Matt and I made a fancy new bench out of red oak. In case you can't tell it has subtly curved legs and stretchers, with mortice and tenon joints connecting them. The legs attach to the top with some neato through-tenons, exposing the end grain of the wood.

The design was based on images from this Wood Wisperer post. Below are some adapted plans, with the dimensions we ended up using.

Here are some plans of the individual pieces: the seat, the two long stretchers, the two short stretchers, and the four legs. All the parts except for the seat have gentle curves cut into one edge.

We started by making the seat. We edge joined two 40" pieces of 2x8" red oak. We read that you need a jointer to make edge joining work. It would probably help, but we just glued together the factory edges from the lumber yard. There was a visable glue seam in some places, but it was good enough for us.

Speaking of the lumber yard, we went to L. Sweet Lumber in Providence. They were helpful and the wood was beautiful.

Next, we cut the legs and stretchers to length. The legs were made from 2x6" and the stretchers from 1x4".

Next, we cut the mortices. We decided to go with uniform 1/8" shoulders for all of our tenons. This left us with ~1/2" wide mortices for the stretchers and ~1 1/2" for the legs. We used Phil's drill press with some forstner bits to remove most of the wood, then finished the mortices with the chisels.

This was time consuming and difficult, especially for the larger mortices on the seat. These were for through-tenons, so the result would be on display on the seat of the bench. We made some gnarly edges in some places.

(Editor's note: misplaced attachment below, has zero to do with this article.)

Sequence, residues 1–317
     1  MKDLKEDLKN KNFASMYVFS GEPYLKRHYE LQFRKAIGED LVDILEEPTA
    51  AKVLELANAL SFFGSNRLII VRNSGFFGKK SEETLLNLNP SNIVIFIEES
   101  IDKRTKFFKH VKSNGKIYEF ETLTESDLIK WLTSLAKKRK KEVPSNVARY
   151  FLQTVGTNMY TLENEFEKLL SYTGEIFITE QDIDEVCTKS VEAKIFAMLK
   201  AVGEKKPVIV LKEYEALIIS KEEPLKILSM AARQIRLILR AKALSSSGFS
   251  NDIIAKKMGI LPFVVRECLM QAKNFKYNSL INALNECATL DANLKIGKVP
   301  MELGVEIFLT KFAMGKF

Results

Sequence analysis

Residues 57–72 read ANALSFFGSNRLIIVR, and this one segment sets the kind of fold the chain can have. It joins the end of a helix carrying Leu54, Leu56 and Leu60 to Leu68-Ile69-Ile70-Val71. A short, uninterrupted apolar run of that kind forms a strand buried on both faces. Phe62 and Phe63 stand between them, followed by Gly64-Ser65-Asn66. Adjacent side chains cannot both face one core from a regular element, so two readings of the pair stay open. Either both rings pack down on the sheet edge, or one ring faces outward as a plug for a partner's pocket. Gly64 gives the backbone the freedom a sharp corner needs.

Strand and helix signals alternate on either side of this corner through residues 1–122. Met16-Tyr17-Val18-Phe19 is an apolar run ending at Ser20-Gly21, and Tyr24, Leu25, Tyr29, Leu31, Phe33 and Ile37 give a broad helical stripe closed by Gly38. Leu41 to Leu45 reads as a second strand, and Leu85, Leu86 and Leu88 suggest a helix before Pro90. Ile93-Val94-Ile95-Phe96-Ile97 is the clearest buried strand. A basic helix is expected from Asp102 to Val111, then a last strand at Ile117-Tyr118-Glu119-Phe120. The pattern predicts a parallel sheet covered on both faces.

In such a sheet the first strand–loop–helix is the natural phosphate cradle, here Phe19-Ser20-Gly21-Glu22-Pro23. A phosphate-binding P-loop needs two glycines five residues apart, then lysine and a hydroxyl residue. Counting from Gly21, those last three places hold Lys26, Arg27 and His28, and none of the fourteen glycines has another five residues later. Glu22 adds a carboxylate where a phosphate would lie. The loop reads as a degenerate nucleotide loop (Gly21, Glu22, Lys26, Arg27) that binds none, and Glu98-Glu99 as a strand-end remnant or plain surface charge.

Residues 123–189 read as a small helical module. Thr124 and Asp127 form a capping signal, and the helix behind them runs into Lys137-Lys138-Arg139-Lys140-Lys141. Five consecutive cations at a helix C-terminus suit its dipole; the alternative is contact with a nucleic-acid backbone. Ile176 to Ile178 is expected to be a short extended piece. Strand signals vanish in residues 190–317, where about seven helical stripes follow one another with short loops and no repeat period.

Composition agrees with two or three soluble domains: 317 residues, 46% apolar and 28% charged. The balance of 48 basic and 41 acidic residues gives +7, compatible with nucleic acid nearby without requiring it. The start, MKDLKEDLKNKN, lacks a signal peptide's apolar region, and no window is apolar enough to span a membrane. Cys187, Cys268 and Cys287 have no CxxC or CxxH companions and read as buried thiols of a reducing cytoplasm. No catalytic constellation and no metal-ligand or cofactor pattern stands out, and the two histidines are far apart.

Next, the tenons. We did this on the table saw, using a dado. We threw together a table saw sled for this part, and it was very helpful. I can't believe we didn't have a sled before this. We put together a 1/2" dado stack and clamped a stop for the tenon length. We ran the ends of the stretchers and legs over the dado for a few passes, until we reached the stop. The length was 3/4" for the stretcher tenons and just over 1 3/4" for the legs, so that they would barely emerge from the top of the seat. After sanding them to fit, they were looking pretty handsome.

We weren't exactly sure how we would cut the curves into the stretchers and legs. We marked the curves very approximately according to the plan. We traced the small stretcher curves with a 24" drum head. Luckily it had exactly the right radius for our design. For the long stretchers and legs, we didn't have any enormous circles on hand so we just bent a thin piece of wood and clamped it in place.

We didn't have access to a band saw, and we were worried that we'd mess it up with the jig saw. There was no other option, though. The curves looked only a little horrible immediately after cutting, and way better after some fine tuning with the palm sander. Now we had all the pieces ready.

Gluing everything together was almost a disaster. We carefully fit every tenon to its matching mortice with chisels and sand paper, but when we started gluing we realized we had done it wrong and commited to an impossible orientation. We pressed ahead, hoping everything would fit, but the glue started setting and some of the tenons felt stuck half way in. I thought we were doomed. There were some moments of "Oh god, what do we...?! Just hit it! Is it fitting? Just hit it keep hitting it!". After five minutes of terror and dozens of strikes with the mallet, the bench made it together. Somehow, it was square everywhere.

We filled the shameful gaps between the mortices and tenon ends on the top of the seat with a mixture of saw dust and wood glue. This seemed to work.

The next morning, we removed the clamps, and sanded away all the glue. On the seat, we sanded almost 1/8" of the ends of the tenons to make them flush. We worked our way to 400 grit on every surface. We tried some weird fine sanding disks called SandNet from the Home Depot, because they looked fun. It's some kind mesh material made from ancient elven fibers. The pack says it lasts longer because you can wash the sawdust out of it. Instead, they seemed to get ripped up immediately by the sander. I don't know.

Finally, we applied two coats of finishing wax.

Here's the finished product. It turned out to be very heavy and sturdy. Hopefully no one ever has to move it.

Author | Ben Wiener

Currently a Ph.D. student in Physics at Brown University.